brands and categories and business for the long haul because, there will be a cycle. you will have tough years, and have certainly gone through that. but over time, the growth prospects are really exciting because, again, we play in the space that is an affordable indulgence, an affordable luxury. when people want to socialize and celebrate, our brands play a wonderful role in that space. as per capita income rises in the emerging world, the trend for people drinking better continues to be strong. francine: at the same time how do you go against a local spirit or local drink? do you or do people drink both? ivan: the key in making our brands is having them resonate at the local level. francine: so taste? ivan: not just. the way you build a brand, in brazil, johnnie walker is seen as an iconic brand in brazil, not as an international brand. that is how we build the brand.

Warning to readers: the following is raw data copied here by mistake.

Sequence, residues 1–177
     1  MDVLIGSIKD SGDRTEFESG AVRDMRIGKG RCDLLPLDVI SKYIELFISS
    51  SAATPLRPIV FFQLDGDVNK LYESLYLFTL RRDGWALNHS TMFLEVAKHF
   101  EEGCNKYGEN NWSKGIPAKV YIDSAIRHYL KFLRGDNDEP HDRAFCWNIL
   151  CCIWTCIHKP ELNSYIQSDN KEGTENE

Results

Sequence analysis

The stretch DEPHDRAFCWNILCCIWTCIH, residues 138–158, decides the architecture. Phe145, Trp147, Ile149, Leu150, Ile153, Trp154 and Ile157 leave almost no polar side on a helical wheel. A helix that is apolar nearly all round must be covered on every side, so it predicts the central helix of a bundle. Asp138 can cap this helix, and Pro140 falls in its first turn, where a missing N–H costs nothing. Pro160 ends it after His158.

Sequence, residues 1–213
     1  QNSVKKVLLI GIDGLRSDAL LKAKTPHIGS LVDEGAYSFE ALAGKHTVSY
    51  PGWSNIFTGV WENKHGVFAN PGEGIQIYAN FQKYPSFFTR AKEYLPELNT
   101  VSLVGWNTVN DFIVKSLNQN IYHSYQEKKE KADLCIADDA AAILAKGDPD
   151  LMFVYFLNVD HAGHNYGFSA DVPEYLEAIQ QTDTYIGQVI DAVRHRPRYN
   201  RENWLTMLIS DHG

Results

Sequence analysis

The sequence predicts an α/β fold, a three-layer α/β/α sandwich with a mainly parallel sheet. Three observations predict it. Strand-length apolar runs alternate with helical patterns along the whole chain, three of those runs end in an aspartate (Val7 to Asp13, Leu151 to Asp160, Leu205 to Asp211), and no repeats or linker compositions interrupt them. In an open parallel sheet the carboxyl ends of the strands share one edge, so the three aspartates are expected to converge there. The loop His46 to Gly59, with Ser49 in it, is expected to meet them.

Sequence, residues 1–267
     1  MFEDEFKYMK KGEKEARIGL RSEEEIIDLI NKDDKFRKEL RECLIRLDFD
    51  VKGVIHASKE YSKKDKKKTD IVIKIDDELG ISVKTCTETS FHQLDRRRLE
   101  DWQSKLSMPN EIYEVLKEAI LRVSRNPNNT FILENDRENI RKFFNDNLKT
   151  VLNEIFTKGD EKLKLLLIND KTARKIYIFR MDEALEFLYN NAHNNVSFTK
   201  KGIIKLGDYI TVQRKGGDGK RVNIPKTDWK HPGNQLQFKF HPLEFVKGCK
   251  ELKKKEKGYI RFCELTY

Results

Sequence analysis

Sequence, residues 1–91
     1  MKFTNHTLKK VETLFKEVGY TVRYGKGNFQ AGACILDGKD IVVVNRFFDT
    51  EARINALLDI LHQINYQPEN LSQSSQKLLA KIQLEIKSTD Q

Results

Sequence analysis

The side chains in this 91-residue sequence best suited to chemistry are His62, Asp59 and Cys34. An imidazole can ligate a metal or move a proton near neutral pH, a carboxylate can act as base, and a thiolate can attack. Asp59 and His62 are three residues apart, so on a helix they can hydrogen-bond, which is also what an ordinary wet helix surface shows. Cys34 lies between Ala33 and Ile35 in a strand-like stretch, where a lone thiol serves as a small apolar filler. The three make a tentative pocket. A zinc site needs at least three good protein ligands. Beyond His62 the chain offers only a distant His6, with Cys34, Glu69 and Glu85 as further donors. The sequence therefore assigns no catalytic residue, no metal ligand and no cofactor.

so, we have a campaign of "keep walking, brazil," where we have really connected to the consumer, and they see it as "my brand." i always tell our marketers around the world that you have to keep your brands connected at a local level. yes, they are big global brands, but the same thing is true in india right now, which is the biggest whiskey market in the world. most of it is local whiskey and we own a lot of that, but the aspiration to move into scott ch whiskey is very high, even though the price points are high. we are keeping scotch very relevant in local occasions. francine: i was going to talk to you about pricing. is that a big headache for you, that you have to get the price right so that it is aspirational, but not too expensive that they will go for another round? -- another brand? ivan: price is an important factor in the brand value equation, and for our premium premium thatrice